Some Comic Strip History

“He is one of the all-time great cartoonists because he makes the craft integral to the entire endeavor look so easy, even enjoyable,” the theoretician and practitioner of comics, Ivan Brunetti, writes in the introduction to an upcoming collection of Gross’s work, “Gross Exaggerations: The Meshuga Comic Strips of Milt Gross.”

The New Yorker previews a great new book of Milt Gross.


Veering wildly off-topic The New Yorker has ended at-will employment.


Not everyone in comic strip history was a cartoonist.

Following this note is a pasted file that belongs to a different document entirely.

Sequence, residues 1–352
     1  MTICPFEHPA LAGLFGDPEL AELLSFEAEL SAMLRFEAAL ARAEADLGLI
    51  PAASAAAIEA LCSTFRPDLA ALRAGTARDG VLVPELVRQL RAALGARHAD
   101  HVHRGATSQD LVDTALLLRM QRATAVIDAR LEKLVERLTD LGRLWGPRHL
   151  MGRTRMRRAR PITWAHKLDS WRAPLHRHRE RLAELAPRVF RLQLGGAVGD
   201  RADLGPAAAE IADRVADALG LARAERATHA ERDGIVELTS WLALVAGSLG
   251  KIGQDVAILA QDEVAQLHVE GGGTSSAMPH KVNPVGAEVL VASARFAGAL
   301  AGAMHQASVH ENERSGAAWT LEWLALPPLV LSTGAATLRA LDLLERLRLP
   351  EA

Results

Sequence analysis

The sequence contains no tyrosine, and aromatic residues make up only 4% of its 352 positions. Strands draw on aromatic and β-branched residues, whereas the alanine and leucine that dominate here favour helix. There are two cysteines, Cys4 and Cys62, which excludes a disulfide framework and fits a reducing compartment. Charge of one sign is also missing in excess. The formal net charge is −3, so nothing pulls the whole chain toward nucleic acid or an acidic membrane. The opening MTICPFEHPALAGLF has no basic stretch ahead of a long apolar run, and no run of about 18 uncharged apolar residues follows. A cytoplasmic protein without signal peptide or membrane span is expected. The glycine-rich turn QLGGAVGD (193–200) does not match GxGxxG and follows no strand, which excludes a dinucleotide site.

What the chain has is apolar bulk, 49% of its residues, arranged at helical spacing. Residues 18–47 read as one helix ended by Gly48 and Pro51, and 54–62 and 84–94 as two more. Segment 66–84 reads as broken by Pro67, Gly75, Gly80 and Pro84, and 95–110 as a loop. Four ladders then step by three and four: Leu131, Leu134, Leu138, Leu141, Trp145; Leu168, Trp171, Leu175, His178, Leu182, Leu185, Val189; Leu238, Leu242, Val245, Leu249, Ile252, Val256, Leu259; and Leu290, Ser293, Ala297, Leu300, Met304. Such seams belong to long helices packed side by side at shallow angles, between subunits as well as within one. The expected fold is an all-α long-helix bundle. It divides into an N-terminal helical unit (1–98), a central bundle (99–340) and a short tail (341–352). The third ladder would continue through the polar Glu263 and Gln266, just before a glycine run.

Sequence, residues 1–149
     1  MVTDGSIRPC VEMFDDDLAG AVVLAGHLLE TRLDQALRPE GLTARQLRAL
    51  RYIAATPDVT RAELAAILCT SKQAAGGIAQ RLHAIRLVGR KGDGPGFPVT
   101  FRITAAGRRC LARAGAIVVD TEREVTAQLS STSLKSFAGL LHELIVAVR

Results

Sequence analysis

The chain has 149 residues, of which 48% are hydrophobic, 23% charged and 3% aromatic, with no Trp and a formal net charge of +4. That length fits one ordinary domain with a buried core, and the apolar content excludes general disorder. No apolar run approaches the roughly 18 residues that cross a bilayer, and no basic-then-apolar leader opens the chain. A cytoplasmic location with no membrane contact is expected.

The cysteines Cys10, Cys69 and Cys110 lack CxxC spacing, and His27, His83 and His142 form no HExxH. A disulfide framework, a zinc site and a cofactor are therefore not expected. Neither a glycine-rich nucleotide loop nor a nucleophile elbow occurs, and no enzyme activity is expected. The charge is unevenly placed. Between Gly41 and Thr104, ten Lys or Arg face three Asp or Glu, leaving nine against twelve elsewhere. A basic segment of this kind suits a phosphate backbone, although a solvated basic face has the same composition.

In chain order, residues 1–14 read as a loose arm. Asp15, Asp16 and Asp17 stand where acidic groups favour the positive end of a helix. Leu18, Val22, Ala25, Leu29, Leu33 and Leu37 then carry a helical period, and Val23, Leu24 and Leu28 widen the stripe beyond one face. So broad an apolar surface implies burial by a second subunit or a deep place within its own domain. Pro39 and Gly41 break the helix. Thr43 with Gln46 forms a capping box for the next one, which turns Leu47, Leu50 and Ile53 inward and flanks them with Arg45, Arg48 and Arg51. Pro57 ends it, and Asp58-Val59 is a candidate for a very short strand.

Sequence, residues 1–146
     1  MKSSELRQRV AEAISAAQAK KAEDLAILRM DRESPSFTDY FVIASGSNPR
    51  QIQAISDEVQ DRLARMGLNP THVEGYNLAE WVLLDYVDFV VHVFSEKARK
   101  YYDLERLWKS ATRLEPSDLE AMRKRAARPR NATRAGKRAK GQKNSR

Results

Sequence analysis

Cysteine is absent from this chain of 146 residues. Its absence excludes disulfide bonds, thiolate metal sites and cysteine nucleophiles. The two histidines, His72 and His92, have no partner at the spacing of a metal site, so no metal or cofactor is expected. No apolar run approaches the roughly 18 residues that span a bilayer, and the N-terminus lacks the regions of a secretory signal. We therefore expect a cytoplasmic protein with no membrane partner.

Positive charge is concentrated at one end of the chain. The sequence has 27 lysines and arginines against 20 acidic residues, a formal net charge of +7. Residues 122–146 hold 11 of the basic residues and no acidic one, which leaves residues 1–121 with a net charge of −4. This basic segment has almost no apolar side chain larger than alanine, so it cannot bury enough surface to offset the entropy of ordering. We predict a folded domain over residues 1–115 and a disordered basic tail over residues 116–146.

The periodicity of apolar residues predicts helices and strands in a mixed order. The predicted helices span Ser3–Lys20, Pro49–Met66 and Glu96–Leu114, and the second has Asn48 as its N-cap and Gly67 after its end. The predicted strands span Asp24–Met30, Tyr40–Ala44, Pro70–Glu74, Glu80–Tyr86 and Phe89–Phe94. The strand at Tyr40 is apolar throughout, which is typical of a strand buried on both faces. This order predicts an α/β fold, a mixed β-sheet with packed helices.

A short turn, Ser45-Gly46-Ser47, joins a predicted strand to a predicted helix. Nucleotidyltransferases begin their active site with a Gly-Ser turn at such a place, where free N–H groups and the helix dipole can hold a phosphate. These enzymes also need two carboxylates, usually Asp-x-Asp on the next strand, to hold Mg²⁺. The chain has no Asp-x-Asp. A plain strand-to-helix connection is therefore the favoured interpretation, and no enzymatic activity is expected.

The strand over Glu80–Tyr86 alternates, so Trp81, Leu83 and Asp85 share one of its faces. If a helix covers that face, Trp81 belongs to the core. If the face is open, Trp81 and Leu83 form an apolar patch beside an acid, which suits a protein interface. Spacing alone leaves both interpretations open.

At The Comics Journal R. C. Harvey profiles Morrill Goddard.


When we first meet her, Annie is, appropriately enough, in a tight and uncomfortable spot, as she’ll be time and again for the duration of her event-filled existence. An orphan, without even the luxury of a family name (“just Annie” as she’s quick to say), constantly under the stern glare of the orphanage’s bullying headmistress (the prune-faced Miss Asthma), forced to eat mush and scrub the floors, Annie remains not just resilient but even buoyant and chipper as she prays for some nice adopted parents.

Historian Jeet Heer on how Harold Gray‘s life defines his little orphan girl.



Animation Resources presents a bird’s-eye view of Harrison Cady and Dudley Fisher.